Alicia is a licensed electrical engineer who contracts with companies as an independent consultant. On her latest open-ended hourly contract for a large defense contractor, she was assigned to work on a team of company employees. After six months, Alicia found herself working up to 12 hours a day and several weekends each month. When she met with an attorney to review her rights under the contract, the company immediately ended their relationship with her.
Do independent contractors have rights under federal and state wage and hour laws? Much depends on the nature of the relationship that develops between the contracting parties over the duration of the contract. Employers often agree to a consulting contract with the contractor, then expand responsibilities and expectations that would ordinarily go to an employee. In many cases, hiring the contractor instead of an employee is a way for the employer to avoid payroll taxes and get out of paying overtime. However, if the contractor can demonstrate that the nature of the relationship evolved beyond an independent contractor status, or if the employer misclassified the worker as an independent contractor, then the employer may be required to adhere to wage and hour laws. Alternatively, if the employer fails to live up to its end of the contract, the worker may have claims for breach of contract.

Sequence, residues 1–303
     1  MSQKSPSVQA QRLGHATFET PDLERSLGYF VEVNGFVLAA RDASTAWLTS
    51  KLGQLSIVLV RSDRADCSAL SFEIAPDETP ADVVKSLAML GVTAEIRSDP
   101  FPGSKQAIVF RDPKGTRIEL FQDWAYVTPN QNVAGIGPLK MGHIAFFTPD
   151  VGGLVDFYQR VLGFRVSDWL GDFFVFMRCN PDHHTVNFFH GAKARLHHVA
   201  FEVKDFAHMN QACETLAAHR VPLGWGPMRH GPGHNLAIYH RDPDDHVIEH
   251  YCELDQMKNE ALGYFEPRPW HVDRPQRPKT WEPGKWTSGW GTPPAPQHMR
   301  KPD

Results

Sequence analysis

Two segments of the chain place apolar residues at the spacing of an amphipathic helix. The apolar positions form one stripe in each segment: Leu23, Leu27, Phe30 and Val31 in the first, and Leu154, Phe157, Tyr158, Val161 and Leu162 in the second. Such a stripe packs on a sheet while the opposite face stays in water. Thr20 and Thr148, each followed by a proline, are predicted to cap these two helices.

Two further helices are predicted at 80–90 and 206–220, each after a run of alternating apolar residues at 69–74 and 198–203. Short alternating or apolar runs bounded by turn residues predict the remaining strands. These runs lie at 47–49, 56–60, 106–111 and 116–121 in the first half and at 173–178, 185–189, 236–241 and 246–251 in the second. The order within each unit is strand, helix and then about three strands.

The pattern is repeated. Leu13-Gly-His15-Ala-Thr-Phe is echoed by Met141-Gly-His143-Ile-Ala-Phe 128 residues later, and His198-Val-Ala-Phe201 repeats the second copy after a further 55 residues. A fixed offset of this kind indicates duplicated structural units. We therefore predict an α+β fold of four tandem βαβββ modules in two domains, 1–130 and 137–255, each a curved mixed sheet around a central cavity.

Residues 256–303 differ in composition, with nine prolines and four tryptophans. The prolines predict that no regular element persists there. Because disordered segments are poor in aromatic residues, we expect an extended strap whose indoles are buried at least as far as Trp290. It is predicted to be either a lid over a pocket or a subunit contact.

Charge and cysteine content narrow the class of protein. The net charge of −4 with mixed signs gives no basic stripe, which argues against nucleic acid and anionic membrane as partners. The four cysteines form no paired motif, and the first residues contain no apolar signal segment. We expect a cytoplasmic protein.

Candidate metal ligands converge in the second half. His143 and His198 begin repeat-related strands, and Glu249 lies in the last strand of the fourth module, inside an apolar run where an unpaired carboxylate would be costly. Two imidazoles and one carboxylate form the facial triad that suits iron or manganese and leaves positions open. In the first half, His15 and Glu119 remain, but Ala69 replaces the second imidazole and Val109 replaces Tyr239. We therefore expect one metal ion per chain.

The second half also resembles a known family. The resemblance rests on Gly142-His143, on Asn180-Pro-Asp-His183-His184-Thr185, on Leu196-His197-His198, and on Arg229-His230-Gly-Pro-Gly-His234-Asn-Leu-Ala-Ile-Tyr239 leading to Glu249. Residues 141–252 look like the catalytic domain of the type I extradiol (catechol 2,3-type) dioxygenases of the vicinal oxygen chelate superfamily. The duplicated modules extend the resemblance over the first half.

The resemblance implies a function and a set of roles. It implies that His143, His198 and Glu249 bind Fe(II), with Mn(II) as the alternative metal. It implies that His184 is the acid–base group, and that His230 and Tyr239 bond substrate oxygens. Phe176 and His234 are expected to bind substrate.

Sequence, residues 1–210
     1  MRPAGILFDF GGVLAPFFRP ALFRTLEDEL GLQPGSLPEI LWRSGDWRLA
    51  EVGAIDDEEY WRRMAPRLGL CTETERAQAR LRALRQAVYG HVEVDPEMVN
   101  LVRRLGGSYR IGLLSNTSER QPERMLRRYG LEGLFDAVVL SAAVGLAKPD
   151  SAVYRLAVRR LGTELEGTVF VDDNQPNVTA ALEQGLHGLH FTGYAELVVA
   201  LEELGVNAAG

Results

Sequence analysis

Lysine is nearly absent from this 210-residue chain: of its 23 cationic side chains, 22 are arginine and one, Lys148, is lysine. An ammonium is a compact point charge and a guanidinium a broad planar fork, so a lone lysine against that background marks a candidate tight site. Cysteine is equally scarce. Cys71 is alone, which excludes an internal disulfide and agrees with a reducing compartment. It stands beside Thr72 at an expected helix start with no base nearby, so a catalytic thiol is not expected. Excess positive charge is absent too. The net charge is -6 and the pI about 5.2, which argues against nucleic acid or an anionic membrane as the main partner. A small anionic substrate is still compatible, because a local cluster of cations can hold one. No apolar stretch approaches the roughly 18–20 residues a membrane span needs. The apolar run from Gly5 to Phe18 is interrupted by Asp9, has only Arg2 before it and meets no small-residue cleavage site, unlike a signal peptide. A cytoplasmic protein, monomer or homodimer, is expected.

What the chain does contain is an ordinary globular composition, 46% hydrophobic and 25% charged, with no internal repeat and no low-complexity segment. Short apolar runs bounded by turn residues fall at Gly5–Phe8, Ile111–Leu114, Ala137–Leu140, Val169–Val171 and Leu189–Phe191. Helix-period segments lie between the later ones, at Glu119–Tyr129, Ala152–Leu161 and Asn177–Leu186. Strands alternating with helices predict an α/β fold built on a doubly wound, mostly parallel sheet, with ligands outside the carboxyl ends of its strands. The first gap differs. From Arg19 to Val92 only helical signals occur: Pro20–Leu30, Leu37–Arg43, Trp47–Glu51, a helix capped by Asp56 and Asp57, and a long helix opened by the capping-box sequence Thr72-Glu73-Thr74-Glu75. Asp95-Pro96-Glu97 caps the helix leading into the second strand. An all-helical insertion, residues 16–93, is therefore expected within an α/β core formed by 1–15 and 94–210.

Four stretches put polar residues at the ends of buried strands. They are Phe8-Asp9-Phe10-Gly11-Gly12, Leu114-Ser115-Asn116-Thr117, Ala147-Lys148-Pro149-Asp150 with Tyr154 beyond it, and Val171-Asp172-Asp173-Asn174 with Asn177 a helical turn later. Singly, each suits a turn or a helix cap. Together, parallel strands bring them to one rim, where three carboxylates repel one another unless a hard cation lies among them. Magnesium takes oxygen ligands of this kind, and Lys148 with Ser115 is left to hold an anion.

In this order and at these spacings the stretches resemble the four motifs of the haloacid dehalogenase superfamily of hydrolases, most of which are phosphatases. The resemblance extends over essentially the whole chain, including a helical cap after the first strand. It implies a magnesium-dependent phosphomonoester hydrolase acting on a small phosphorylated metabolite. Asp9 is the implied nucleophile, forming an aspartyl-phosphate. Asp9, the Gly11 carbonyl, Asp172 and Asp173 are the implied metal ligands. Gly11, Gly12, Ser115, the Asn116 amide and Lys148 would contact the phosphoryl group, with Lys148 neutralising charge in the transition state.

If You Feel Your Employment Contract Was Broken Illegally, Call Us
If you are an independent contractor or temporary worker hired on a contractual basis, you have rights in California. The lawyers at Hennig, Ruiz & Singh will aggressively fight to make sure you are afforded the workplace rights you are entitled to.
If you believe that you are being misclassified or that the contract is being violated, start by documenting the way the contracting company did not meet expectations regarding the contract you agreed to. Your documentation of circumstances and events will be important when building your case. Contact our offices in Los Angeles to schedule a free consultation and bring your notes and signed copy of your contract with you.
Please visit our Do I Have A Case? page to answer a few questions relating to your circumstances. If the questionnaire indicates you may have a case against your employer, contact us for a free consultation.